_{m}(jω) is a frequency-dependent mechanical impedance function and Z(jω) is the frequency-dependent impedance function.

**11.**A system as claimed in claim 7, wherein the processor is further configured to derive the frequency-dependent acoustic output transfer function from the frequency-dependent input-voltage-to-excursion transfer function.

**12.**A non-transitory computer-readable storage medium having a computer program comprising computer program code configured to perform the steps of claim 1 when said program is run on a computer.

**13.**(canceled)

**14.**A method as in claim 1, wherein the audio processing implements at least one of loudspeaker protection and acoustic signal processing

**15.**A system as in claim 7, wherein the audio processing implements at least one of loudspeaker protection and acoustic signal processing

## Description:

**[0001]**This invention relates to the control of the output of a loudspeaker.

**[0002]**It is well known that the output of a loudspeaker should be controlled in such a way that it is not simply driven by any input signal. For example, an important cause of loudspeaker failures is a mechanical defect that arises when the loudspeaker diaphragm is displaced beyond a certain limit, which is usually supplied by the manufacturer. Going beyond this displacement limit either damages the loudspeaker immediately, or can considerably reduce its expected life-time.

**[0003]**There exist several methods to limit the displacement of the diaphragm of a loudspeaker, for example by processing the input signal with variable cut-off filters (high-pass or other), the characteristics of which are controlled via a feedforward or feedback control loop. The measured control signal is referred to as the displacement predictor, and this requires modeling of the loudspeaker characteristics so that the displacement can be predicted in response to a given input signal.

**[0004]**Many applications of electrodynamical loudspeaker modeling, such as loudspeaker protection as mentioned above and also linearisation of the loudspeaker output, contain a module that predicts the diaphragm displacement, also referred to as cone excursion, using a model of a loudspeaker. This model can be linear or non-linear and usually has parameters that allow for a physical interpretation.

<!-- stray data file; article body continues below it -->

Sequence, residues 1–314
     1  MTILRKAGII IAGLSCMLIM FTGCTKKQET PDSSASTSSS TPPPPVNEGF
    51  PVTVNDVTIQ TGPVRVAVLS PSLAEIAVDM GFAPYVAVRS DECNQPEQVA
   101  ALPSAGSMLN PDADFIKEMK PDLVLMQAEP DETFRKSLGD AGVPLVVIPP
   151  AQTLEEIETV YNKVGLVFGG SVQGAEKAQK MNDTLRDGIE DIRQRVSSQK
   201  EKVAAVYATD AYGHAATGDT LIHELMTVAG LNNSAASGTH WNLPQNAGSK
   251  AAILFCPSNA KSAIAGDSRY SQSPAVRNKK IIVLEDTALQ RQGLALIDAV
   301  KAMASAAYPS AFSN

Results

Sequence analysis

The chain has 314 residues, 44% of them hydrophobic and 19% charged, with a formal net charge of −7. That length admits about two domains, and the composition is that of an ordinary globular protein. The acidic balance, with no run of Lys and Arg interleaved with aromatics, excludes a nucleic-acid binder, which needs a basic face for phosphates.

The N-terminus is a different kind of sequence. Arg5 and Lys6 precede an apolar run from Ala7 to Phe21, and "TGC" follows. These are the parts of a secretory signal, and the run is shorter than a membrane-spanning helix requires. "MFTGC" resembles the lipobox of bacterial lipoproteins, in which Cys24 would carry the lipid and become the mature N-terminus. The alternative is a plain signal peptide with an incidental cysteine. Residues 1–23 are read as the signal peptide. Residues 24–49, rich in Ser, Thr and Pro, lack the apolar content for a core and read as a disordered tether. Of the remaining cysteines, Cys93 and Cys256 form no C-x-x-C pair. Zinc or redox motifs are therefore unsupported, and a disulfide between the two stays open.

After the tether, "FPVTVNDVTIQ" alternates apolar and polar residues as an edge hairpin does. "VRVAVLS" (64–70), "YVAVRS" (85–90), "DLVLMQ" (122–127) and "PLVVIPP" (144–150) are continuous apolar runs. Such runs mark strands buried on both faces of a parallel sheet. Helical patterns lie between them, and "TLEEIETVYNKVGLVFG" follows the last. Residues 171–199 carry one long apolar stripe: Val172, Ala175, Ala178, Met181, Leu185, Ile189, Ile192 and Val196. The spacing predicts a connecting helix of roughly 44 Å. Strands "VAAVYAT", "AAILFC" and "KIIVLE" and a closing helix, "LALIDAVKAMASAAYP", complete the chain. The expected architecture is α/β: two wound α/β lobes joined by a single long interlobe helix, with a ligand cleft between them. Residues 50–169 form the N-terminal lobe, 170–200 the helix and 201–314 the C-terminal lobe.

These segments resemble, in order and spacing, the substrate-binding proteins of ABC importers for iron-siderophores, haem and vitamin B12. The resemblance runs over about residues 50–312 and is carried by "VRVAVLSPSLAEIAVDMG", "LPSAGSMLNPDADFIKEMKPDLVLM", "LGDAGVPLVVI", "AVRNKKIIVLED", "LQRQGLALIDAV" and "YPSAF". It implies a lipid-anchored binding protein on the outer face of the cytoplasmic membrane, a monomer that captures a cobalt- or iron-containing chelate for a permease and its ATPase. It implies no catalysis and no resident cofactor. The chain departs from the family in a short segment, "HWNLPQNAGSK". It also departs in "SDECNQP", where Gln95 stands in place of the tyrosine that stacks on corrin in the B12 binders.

**[0005]**Most approaches for predicting the diaphragm displacement are based on electrical, mechanical and acoustical properties of a loudspeaker and its enclosure, and these approaches make assumptions regarding the enclosure in which the loudspeaker is mounted (e.g. in a closed or vented box).

**[0006]**Although the enclosure in which the speaker is mounted is often known from the design, it is not always the case that the loudspeaker/enclosure configuration corresponds to that expected from the design. This may be due to tolerances of the components (e.g. loudspeaker mechanical mass, enclosure volume), which correspond to variations in the model parameter values, but do not affect the validity of the loudspeaker model (a loudspeaker model is referred to as `valid` if it can predict the behaviour of a loudspeaker with sufficient accuracy). Other discrepancies between the expected and the actual behaviour may be due to defects caused in the production process, or caused by mechanical damage (e.g. the loudspeaker is dropped on the floor and the closed box becomes leaky due to a small crack), which may have as a result that the model is no longer valid. For example if a closed box model is used, but due to a mechanical defect, the loudspeaker becomes a vented box, the closed box model is no longer valid.

**[0007]**When the model is invalid, and therefore the loudspeaker transfer function (e.g. the voltage-to-displacement function) obtained from the model and its parameters is invalid, the prediction of the diaphragm displacement is unlikely to be accurate.

**[0008]**There is therefore a need for a loudspeaker modeling approach which remains reliable for different or changed loudspeaker and/or enclosure characteristics.

**[0009]**According to the invention, there is provided a method as claimed in claim 1.

**[0010]**The invention provides a modeling approach which is not based on a parametric model, but computes the transfer functions for a set of frequencies separately. As a consequence, it does not require prior knowledge regarding the enclosure (e.g. closed or vented box) and can cope with complex designs of the enclosure.

**[0011]**The non-parametric model of the invention is therefore valid in the general case. It is based on a basic property of a loudspeaker/enclosure that is valid for most loudspeaker/enclosure combinations. Therefore, it remains valid when there are defects caused in the production process, or caused by mechanical damage, which would affect the validity of parametric models.